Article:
A thought inspired by Sunday’s Daf (page) in the Talmud, Nazir 34
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An idea or a collection?
This post presents a philosophical idea inspired by the text of today’s Daf. The Daf is one page in the Talmud that tens of thousands of people study each day. I explain the connection to the text in a comment below. My purpose is to show that there are underlying philosophical assumptions in the Talmud that can have great significance for anybody today trying to understand our complex reality.
When we say something like “children deserve special consideration,” what exactly are we referring to when we use the term “children”? Is it simply a reference to a particular group of human beings who happen to have been born less than a certain number of years ago, or is it an indication of some special ontological reality of the world that we call “childhood”? Could we replace the word “children” with a list of individuals such as “this one, that one, and that one too” to achieve the same meaning? While the word “children” might be used as a shorthand for the two billion individuals who meet the age criteria, it is more than just a simple list. It refers to a broader category of individuals who share common characteristics, experiences, and needs.
At first glance, the question of what we mean when we use terms such as “children” may appear obscure. However, the answer we arrive at can have a significant impact on how we view the world and our belief systems. Understanding the nature of the terms we use and the concepts they represent is essential for developing a coherent and consistent worldview. For instance, if we believe that the term “child” refers to a special reality that exists independently of individual instances, we may hold certain beliefs about the nature of childhood and the needs of children. On the other hand, if we see the term as a mere label that we apply to a group of similar individuals, our beliefs about children and childhood may be different. In this sense, the question of what we mean by terms such as “children” is not just an academic exercise but has real-world implications.
Philosophers draw a distinction between Universals and Particulars. Universals refer to concepts or properties that can be instantiated by multiple individual instances, whereas particulars refer to individual, concrete instances of those concepts or properties. For example, the word “chair” refers to a universal – a concept that is defined by a particular shape and use. Individual chairs are particulars, which share the common characteristic of being instances of the universal “chair.” Similarly, other examples of universals include redness, triangle, and apple. These concepts can be instantiated by multiple particular instances – for example, the redness of a rose, the triangle shape of a road sign, or the apple on a table.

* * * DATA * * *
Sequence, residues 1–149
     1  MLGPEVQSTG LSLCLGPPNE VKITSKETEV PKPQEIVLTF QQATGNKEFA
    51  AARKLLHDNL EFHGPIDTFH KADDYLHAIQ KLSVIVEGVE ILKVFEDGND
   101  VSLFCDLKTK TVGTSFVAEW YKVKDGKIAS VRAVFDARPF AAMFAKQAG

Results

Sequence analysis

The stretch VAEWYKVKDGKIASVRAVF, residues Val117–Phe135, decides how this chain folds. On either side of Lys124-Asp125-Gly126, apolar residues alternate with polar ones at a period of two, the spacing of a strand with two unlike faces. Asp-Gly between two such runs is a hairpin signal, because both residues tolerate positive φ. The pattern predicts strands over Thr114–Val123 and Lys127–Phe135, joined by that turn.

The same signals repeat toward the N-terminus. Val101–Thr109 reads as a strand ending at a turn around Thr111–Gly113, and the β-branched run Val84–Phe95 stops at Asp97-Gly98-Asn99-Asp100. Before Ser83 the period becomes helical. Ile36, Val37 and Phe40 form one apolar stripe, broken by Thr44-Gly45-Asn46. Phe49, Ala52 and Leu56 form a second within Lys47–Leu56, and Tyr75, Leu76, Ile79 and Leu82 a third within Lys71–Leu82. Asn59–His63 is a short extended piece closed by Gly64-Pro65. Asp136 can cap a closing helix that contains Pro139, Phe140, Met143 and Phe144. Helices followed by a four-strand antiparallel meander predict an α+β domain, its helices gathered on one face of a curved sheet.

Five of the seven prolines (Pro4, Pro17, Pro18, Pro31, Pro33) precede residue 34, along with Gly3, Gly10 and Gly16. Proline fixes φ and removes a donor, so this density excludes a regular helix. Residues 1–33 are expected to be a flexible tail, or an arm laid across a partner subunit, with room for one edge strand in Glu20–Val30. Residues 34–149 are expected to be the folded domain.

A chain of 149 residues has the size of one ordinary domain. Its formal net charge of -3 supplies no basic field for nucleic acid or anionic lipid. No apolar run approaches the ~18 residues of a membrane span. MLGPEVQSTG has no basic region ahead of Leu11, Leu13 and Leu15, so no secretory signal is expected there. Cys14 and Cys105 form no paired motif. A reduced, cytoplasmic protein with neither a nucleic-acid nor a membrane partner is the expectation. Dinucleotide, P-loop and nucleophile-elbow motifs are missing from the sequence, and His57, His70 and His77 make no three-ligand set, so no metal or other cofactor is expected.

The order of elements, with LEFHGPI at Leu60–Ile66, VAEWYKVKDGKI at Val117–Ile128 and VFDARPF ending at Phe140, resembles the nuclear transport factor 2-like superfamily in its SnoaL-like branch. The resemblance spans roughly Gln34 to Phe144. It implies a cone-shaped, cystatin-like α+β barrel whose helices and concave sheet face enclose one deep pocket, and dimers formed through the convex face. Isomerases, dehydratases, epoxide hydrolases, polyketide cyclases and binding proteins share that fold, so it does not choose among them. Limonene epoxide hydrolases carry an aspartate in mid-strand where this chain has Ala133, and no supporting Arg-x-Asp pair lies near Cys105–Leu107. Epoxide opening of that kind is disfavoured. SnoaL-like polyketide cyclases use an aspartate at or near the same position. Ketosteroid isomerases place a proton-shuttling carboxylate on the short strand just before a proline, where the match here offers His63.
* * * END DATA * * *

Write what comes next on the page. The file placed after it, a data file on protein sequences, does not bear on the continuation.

Another distinction is between Nominalism and Realism. Nominalism is the position that universals, such as redness or chairness, are not real things that exist independently of individual objects. Instead, according to nominalists, universals are simply names or labels that we give to groups of similar objects or experiences. In other words, universals are mental constructs that do not exist outside of our minds.
Realism, on the other hand, is the position that universals are real things that exist independently of individual objects. According to realists, universals have an objective reality that is not dependent on human thought or language. Realists often argue that universals are instantiated in individual objects or experiences, but they exist independently of those individual instances. (Please don’t confuse this meaning of Realism with other uses in Philosophy.)
To give an example, suppose we have two apples, both of which are red. According to a nominalist, the concept of “redness” is simply a label or name that we apply to these two objects because they share certain similarities in color. However, according to a realist, the quality of “redness” is a real and objective feature that exists independently of our labeling or perception of it.
What about the word ‘children’? Nominalists might view this word as a mere abbreviation for a list of individual children, while realists would see it as representing a distinct and meaningful category. According to realism, the universal concept of ‘child’ is a real entity, and so is the class of children as a group. In contrast, nominalists would argue that the term ‘child’ is simply a label we use to refer to a collection of similar individuals, without any underlying reality beyond our mental construct.
What about the word ‘family’? What meaning do ‘my family’ or ‘my people’ have to me? Now, this distinction may make a real difference. I might believe that the closer someone is to me, the more obligations I have to them and the more I should prioritize their needs over others. Conversely, the further removed someone is, the less obligation I have, but I still have some responsibility for everybody. On the other hand, I might think that such words do not simply identify a list of people, but rather an abstract entity with its own meaning for me. This might entail rules that I apply to my group that I do not apply to other groups, and I might feel no obligation to such other groups.
The way we view the world and structure our concepts influences the beliefs we hold about how we should behave.